Farther along Via Etnea, on the left, a few steps beyond Piazza Stericoro, is the main entrance to the Giardino Bellini, an attractive public garden (pleasant views from the terrace).Along the north side of the Villa Bellini runs the tree-lined Viale Regina Margherita, which with its eastward continuation the Viale XX Settembre and the wide Corso Italia, beginning at the beautiful Piazza Verga (with the modern Law Courts), forms the main traffic artery, 6km/4 mi long, of the northern part of the city.
Santa Maria di Gesù
On the Piazza Santa Maria di Gesù in Catania stands the church of the same name, which was built at the beginning of the 18th century on the site of a former Renaissance building. Inside it contains various works of Antonello Gagini, while the crucifix on the main altar is by Frau Umile da Petralia.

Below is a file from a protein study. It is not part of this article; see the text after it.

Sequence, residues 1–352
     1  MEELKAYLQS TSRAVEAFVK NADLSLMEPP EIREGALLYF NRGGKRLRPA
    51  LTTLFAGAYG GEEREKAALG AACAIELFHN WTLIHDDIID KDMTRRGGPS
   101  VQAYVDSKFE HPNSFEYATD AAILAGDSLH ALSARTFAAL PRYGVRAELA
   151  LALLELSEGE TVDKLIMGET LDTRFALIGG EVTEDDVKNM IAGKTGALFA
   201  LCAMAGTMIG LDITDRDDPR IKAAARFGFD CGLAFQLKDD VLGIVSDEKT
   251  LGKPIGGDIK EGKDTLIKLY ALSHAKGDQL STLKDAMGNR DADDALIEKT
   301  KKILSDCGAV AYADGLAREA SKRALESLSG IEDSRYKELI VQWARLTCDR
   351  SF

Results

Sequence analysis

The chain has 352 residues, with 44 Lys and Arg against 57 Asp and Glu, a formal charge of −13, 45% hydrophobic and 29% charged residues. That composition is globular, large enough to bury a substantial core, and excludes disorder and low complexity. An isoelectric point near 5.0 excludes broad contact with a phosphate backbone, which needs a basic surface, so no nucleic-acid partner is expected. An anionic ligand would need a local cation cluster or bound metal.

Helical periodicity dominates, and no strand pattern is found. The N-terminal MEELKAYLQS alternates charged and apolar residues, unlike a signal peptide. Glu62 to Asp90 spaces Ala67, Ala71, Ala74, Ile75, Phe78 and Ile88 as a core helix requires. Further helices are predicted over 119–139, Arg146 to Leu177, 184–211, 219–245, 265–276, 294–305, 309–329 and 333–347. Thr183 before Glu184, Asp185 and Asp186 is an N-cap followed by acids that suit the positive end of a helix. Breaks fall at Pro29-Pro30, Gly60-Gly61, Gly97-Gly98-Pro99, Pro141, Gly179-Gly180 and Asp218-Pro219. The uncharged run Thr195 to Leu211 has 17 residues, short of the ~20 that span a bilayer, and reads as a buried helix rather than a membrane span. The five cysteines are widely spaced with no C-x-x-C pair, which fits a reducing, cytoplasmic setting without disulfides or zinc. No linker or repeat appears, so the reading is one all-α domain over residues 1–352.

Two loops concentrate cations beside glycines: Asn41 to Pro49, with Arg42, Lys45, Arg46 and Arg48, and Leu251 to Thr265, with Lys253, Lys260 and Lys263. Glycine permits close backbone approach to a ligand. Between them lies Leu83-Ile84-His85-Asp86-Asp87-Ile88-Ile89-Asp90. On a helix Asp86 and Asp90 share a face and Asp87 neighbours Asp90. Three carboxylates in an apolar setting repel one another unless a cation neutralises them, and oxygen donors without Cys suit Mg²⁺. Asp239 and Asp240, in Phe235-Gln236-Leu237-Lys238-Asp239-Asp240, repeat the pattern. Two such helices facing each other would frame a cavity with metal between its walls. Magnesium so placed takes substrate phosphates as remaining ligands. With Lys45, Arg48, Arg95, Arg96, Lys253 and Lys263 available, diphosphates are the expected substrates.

At the eastern end of the Corso Italia in Catania is the Piazza Europa, which looks down on to the sea and from which a magnificent coast road (lookout terraces) leads north to the suburban district of Ognina, with the little Porto d'Ulisse in a sheltered bay.
Piazza Carlo Alberto
Map of Catania Attractions